The Washington Building is one of just four Culver City structures listed in the National Register of Historic Places.
Though only two stories high, the Washington Building holds prominence as one of two Beaux Arts-style flatiron-shaped buildings at the intersection of Washington and Culver Boulevards in downtown Culver City. The other flatiron building is the Culver Hotel. The two buildings face one another across the intersection, and together they mark the center of the city. Accordingly, it’s no surprise that Starbucks is the building’s main tenant!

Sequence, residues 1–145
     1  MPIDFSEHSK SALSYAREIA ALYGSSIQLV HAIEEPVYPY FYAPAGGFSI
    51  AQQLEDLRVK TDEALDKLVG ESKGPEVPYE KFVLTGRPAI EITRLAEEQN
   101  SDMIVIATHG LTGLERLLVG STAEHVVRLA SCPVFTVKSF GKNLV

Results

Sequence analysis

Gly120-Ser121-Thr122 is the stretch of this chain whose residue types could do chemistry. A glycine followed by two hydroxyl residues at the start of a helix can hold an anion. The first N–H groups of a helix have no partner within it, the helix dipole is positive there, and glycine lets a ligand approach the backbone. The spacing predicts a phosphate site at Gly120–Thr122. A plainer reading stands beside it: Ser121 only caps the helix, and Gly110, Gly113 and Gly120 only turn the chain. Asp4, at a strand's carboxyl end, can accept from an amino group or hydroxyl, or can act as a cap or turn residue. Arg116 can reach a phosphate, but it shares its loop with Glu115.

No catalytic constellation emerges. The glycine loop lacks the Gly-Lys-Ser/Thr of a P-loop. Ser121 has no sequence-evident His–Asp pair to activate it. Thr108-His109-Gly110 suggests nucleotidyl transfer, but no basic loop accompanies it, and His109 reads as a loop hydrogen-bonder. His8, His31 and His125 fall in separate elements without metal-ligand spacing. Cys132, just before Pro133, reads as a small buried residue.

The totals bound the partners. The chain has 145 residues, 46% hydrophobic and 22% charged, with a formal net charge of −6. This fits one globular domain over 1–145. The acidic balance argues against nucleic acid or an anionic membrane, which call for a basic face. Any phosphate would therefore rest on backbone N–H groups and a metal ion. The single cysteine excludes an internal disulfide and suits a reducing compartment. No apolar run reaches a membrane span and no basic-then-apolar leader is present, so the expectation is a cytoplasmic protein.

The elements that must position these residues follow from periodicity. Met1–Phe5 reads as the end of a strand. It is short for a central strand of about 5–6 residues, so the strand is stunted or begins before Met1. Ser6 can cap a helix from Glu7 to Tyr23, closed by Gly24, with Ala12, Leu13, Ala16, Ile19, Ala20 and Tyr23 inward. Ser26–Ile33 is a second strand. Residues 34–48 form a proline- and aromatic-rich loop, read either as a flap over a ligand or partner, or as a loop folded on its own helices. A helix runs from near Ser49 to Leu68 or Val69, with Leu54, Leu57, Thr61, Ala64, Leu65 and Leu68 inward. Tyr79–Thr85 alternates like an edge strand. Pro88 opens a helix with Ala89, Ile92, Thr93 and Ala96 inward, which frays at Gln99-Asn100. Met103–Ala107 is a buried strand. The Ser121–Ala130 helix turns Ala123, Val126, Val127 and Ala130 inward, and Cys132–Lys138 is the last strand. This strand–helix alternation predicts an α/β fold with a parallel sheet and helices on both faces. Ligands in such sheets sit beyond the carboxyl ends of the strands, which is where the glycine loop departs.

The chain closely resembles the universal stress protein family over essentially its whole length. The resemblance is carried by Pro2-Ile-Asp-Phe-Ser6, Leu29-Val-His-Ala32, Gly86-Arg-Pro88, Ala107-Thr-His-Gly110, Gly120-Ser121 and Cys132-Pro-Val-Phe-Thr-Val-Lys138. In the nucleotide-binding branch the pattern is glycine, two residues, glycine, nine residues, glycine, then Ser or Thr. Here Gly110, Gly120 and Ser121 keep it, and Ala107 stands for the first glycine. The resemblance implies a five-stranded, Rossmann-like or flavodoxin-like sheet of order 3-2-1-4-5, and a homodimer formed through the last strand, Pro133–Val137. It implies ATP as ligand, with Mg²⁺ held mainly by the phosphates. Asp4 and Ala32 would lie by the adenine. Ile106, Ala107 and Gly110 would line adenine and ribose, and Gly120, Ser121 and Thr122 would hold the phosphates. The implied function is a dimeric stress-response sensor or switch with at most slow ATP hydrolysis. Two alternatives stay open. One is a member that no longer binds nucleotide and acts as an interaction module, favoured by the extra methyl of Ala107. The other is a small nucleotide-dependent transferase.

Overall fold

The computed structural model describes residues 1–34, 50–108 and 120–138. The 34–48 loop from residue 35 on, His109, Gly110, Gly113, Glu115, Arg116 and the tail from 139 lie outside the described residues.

Through the years, the irregularly-shaped building (152’x135’x68’x12’) has housed a multitude of enterprises. Until 1940, the City’s Post Office was located here, before moving to its new Art Deco-style home a block to the west. In addition to servicing as offices for a dentist, an attorney, a real estate office, an insurance company, and – during World War II – a draft office, the building was also once the address of the MGM Fan Club.
The Washington Building was listed in the National Register of Historic Places in 1991. It is one of just four Culver City structures listed in the National Register, along with the Culver Hotel, the Citizen Publishing Company Building, and the Ivy Substation.